What To Know About Your Dental Health While Plastic
The ways that you care for your teeth matter during your pregnancy. Routine dental visits are often a safe venture for women for their yearly dental checkups, and brushing and flossing are always the recommended routine for tooth care. However, women prone to high-risk pregnancies or have some underlying medical condition can cause dental treatments to be postponed, and women with poor dental health during pregnancies can increase the risk of developing problems that can interfere with their pregnancy. The potential risks during pregnancy shouldn’t outweigh the benefits of your dental care.
Here, we’ll list some of the best tips we can provide for caring for your teeth and inform you about how your pregnancy may impact your dental health.
Ways Pregnancy Affects Your Oral Health
With pregnancy, many changes occur with your body, your emotions, and even your mouth. Half of all women during pregnancy will develop gingivitis, a form of gum disease that occurs during the second and eighth months. However, this mild form of gum disease will usually go away after childbirth as it is often influenced by hormones such as estrogen, progesterone, and testosterone. These hormones cause inflammation in the gums and make them more prone to irritation from plaque that develops along with the tooth’s enamel. Your teeth during this time may also become looser, as progesterone and estrogen can loosen the ligaments and bones that keep the teeth in place, even if you do not have gum disease.
Tips To Care For Your Teeth During Pregnancy
Morning Sickness – Vomit contains stomach acids that eat away at the teeth’ enamel, and rinsing your mouth out after your session can help reduce the number of acids in your mouth afterward. Once 30 minutes pass, you should brush your teeth afterward to help fortify your teeth with fluoride and keep plaque away.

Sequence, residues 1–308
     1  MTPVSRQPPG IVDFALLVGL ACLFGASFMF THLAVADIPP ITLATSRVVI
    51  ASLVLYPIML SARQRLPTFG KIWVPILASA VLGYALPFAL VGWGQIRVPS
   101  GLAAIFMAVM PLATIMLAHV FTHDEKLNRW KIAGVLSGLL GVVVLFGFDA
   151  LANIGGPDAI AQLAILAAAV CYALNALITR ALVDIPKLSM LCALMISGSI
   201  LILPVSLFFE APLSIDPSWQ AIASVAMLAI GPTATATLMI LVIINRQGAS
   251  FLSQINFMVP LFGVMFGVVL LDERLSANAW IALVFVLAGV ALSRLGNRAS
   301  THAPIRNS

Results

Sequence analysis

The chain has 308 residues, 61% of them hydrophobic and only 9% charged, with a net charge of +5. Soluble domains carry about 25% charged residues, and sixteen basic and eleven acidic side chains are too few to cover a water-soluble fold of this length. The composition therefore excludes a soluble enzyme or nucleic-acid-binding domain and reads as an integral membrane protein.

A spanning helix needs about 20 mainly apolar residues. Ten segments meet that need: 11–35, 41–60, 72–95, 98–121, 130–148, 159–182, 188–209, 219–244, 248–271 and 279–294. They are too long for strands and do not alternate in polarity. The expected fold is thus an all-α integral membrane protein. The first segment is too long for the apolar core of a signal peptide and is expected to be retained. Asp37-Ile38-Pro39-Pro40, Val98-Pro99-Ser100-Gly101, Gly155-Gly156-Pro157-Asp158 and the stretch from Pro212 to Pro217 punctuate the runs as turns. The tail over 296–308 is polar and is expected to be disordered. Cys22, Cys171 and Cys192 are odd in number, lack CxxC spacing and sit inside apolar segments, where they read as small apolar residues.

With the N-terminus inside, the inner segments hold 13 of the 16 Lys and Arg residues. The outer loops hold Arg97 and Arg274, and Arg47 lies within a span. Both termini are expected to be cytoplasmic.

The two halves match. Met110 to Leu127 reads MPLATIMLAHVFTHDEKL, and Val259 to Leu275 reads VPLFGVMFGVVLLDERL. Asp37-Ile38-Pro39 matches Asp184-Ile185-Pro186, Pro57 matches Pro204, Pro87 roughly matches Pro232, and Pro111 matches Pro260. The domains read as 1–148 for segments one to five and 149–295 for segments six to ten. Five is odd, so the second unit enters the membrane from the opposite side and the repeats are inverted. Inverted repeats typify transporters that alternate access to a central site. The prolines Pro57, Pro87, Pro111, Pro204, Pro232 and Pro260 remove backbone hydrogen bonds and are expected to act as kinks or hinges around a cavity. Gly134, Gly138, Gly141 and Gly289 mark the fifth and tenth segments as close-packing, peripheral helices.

Visit Your Dentist – It is considered safe to visit your dentist during your pregnancy. Your dentist can provide you with additional cleanings to help you control signs of gingivitis. Make sure to notify any medication changes made during your pregnancy for special advice.
Try Different Routine Habits – If you’re having trouble brushing your teeth, you can change the flavor of your toothpaste, use a smaller brush head, and try brushing at different times of the day to help reduce any problems with gagging and nausea.
A Vitamin-Rich Diet – For your baby, it’s essential to give them and yourself the best nutrients possible. Make sure you eat foods containing vitamin C, D, and A, as well as protein and calcium to fortify their bones, muscles, and immune system.
Get Restorative Treatment – It’s important that if you have a cavity or broken crown, that you get restorative treatment to prevent infection. According to the American Congress of Obstetricians and Gynecologists, it is safe to get cavity fillings and crowns during the second trimester of your pregnancy.
During your pregnancy, it’s essential to talk to your dentist about the various aspects of your dental care to ask them if any changes need to be made with your routine. For more information, you should arrange an appointment with your dentist today!